Managua, Nicaragua — The Sandinista Army has launched a major offensive in northern Nicaragua against the US-backed contra rebels. The offensive was reported late Tuesday evening. It comes a week before the next round of cease-fire talks, which are scheduled to begin Monday. For the first time, the Sandinista-contra talks are to be direct and held inside Nicaragua.
A Defense Ministry spokeswoman here confirmed late Tuesday that the offensive was under way ``near the frontier'' with Honduras.
But at press time Wednesday, the Defense Ministry refused to confirm or deny its troops entered Honduran territory. ``We are looking into the reports,'' an officer said. ``It's serious and that's why I can't say yes or no.''
[In Washington yesterday, the Reagan administration accused Nicaragua of invading Honduras with 1,500 troops on Wednesday to strike at contra bases. The administration said it was consulting closely with Honduras and considering all its options. Washington said the offensive is aimed at destroying contra supply depots, which contain substantial proportions of the contras' remaining supplies.]
Unconfirmed reports say the fighting was centered near Bocay and Bonanza. Both towns have been the scene of regular fighting for several years. Bonanza was the site last December of the largest contra attack in seven years when several hundred rebels overran a Sandinista outpost.
This week's offensive took many by surprise, coming just before the next round of talks. The two delegations leading the direct talks in Sapoa will include the highest-ranking officials involved in negotiations since they began last year.
The offensive is particularly surprising as the Sandinistas are considered by diplomatic observers here to be in a stronger position vis-a-vis the contras than at any time in recent years.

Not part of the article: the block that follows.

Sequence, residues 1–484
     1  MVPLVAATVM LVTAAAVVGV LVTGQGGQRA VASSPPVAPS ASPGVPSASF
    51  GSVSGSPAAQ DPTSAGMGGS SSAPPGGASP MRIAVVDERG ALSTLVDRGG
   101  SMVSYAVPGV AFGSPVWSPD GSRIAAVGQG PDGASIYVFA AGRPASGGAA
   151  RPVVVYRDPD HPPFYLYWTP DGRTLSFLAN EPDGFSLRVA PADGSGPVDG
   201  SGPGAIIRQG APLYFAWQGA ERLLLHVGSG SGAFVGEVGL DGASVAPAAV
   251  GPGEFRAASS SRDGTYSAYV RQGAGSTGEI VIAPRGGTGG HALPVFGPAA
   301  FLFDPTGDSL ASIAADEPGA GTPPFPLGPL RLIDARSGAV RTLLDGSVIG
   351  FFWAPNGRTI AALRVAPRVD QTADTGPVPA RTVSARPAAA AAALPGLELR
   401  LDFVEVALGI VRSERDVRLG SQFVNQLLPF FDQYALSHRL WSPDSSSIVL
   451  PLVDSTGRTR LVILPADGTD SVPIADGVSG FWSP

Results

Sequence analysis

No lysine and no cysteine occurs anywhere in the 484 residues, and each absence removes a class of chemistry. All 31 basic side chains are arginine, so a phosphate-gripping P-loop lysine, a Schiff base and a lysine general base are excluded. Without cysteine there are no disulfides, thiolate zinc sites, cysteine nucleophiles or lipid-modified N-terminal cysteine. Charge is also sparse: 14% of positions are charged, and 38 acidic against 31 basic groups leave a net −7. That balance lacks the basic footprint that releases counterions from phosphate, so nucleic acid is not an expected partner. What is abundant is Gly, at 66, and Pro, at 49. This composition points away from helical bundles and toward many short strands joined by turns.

``The Sandinistas have nothing to loose at Sapoa. The contras have very little to gain'' following the US Congress's Feb. 4 rejection of further aid to the contras, a South American diplomat here said.
That the Sandinistas believe the war here is still on, despite Congress's vote, was evident in a speech last week by President Daniel Ortega Saavedra. In a March 8 speech commemorating International Women's Day, President Ortega warned the contras that, should the cease-fire talks fail, ``our troops already are released for combat in a great military offensive.''
But his remarks were understood to mean an offensive would be launched should the government decide the contras were not negotiating in good faith. One motive for the current offensive could be that Managua wants to increase pressure on the rebels before the talks begin. Press reports and contra spokespersons have said since Congress's vote the rebels are short of munitions and may have to abandon Nicaragua for their Honduran bases.
Although the Sandinista offensive may be the largest in several months, there has been no serious lull in the war since the February vote.
The press here regularly report small-scale rebel attacks in the northern, central, and eastern part of the country.